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Treatment With IL-2 Plus HAART Markedly Reduces HIV In Immune System "Hiding Places"

Individuals treated with interleukin-2 (IL-2) plus highly active antiretroviral therapy (HAART) have significantly fewer resting CD4+ T cells in their bloodstream which harbor HIV than patients receiving HAART alone, according to a study of 26 patients conducted at the National Institute of Allergy and Infectious Diseases (NIAID). Resting CD4+ T cells are among the "safe havens" where HIV may persist for years - sewn into the cells' genes - despite aggressive three-drug antiretroviral therapy.

In resting CD4+ T cells taken from the bloodstream ("peripheral blood") of a small number of study patients receiving IL-2 plus HAART, the researchers have been unable to find HIV capable of replicating, even when they have looked for the virus in millions of cells with sensitive laboratory procedures.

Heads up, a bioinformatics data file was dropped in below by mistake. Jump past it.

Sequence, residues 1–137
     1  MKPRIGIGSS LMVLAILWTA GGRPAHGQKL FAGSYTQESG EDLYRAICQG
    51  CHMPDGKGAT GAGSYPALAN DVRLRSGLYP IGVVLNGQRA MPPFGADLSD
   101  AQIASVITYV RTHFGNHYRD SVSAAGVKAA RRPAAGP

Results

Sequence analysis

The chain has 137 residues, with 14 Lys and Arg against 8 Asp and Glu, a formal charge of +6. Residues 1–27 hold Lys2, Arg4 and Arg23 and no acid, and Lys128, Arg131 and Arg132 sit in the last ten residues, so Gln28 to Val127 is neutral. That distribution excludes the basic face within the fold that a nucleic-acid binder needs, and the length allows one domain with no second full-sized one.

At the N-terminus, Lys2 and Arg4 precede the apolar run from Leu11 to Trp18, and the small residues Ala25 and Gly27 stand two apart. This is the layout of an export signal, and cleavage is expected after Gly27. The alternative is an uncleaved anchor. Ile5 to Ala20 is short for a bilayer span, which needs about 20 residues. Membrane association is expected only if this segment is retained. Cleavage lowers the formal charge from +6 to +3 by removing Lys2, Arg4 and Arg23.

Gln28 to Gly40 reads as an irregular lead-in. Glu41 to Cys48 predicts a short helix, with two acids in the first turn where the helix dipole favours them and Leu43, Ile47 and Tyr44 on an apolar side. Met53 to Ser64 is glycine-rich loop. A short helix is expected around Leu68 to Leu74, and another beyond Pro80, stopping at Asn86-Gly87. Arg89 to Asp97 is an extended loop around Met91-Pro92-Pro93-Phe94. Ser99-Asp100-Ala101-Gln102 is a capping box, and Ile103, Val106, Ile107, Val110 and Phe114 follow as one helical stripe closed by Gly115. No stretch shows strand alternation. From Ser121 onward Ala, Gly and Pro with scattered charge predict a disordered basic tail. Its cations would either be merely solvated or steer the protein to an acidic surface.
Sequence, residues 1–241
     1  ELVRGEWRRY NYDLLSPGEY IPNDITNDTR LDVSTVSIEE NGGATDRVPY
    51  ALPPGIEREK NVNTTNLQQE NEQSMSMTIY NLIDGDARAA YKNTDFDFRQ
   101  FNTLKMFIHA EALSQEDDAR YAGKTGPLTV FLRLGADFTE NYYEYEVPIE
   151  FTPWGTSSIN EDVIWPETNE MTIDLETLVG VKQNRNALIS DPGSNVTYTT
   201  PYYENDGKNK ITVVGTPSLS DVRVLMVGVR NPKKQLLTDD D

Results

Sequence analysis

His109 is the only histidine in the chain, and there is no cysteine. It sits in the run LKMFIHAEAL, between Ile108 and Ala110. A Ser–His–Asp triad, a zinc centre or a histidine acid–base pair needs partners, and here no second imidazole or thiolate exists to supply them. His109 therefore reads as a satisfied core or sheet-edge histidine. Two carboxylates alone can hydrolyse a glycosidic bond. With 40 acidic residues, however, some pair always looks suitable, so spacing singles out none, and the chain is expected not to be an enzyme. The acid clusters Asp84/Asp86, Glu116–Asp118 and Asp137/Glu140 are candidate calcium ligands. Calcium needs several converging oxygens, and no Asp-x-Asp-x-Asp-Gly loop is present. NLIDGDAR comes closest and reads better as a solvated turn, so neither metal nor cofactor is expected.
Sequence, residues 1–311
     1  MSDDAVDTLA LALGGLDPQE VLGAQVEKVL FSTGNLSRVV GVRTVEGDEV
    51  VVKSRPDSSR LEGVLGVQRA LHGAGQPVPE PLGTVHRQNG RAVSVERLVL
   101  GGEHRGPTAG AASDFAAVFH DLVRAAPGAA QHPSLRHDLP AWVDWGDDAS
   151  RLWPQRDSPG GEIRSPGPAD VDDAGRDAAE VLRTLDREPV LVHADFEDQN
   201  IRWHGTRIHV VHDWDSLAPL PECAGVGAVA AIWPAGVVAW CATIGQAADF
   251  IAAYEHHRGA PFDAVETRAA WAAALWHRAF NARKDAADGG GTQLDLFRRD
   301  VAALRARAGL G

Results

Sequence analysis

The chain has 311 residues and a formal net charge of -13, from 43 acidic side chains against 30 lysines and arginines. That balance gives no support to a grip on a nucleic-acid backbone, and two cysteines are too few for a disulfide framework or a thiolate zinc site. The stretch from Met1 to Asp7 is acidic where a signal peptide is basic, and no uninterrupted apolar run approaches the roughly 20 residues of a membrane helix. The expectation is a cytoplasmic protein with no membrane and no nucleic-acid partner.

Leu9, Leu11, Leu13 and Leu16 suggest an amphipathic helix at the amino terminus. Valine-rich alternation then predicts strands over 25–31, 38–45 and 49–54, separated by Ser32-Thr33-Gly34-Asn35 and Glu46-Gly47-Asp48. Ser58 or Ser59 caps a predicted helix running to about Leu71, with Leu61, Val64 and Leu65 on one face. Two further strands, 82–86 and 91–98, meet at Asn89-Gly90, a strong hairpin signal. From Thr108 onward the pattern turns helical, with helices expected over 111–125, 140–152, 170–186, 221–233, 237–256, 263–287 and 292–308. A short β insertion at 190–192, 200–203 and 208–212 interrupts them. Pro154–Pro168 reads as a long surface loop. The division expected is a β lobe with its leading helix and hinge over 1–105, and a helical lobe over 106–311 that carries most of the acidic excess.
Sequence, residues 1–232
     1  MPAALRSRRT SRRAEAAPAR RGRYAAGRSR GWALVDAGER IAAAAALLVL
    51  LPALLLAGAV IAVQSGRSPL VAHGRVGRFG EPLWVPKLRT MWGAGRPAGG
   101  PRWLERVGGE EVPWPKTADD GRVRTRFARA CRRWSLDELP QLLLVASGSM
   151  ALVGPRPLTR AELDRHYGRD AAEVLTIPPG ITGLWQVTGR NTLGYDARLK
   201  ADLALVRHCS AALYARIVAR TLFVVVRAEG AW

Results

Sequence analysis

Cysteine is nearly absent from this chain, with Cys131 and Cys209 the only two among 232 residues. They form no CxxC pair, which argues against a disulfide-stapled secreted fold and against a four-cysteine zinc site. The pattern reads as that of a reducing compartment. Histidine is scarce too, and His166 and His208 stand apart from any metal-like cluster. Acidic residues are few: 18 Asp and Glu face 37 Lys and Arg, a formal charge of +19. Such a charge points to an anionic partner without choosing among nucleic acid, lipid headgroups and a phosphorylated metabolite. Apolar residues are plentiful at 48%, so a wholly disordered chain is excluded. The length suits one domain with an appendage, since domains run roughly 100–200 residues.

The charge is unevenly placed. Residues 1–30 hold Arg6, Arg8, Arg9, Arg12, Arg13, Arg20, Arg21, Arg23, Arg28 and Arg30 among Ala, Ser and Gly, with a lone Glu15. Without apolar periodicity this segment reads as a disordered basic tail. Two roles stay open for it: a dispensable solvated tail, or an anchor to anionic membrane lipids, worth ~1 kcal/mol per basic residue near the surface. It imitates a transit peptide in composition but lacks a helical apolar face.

Anthony S. Fauci, M.D., NIAID director and chief of the NIAID Laboratory of Immunoregulation (LIR), plans to present these new findings at the 36th Annual Meeting of the Infectious Diseases Society of America in Denver, Colo., on Sunday, November 15 at 8:30 a.m. Mountain Time. The lead LIR scientist on the new studies is Tae-Wook Chun, Ph.D., who, with Dr. Fauci and other colleagues, has published several seminal papers on latent reservoirs of HIV.

The NIAID team studied two different groups of HIV-infected patients, 12 receiving HAART (generally a combination of at least three antiretroviral drugs including a protease inhibitor) and 14 receiving HAART plus IL-2, administered either intravenously or subcutaneously. IL-2 is a regulatory protein of the immune system produced in the body by T cells. IL-2 has potent effects on the proliferation, differentiation and activity of a number of immune system cells, notably T cells. The 14 patients on HAART plus IL-2 received doses of IL-2 totaling 3 to 18 million international units per day during five-day treatment cycles, followed by a rest period of at least eight weeks before the next treatment cycle.

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Contact: Greg Folkers
gfolkers@nih.gov
301-496-2263
NIH/National Institute of Allergy and Infectious Diseases
15-Nov-1998


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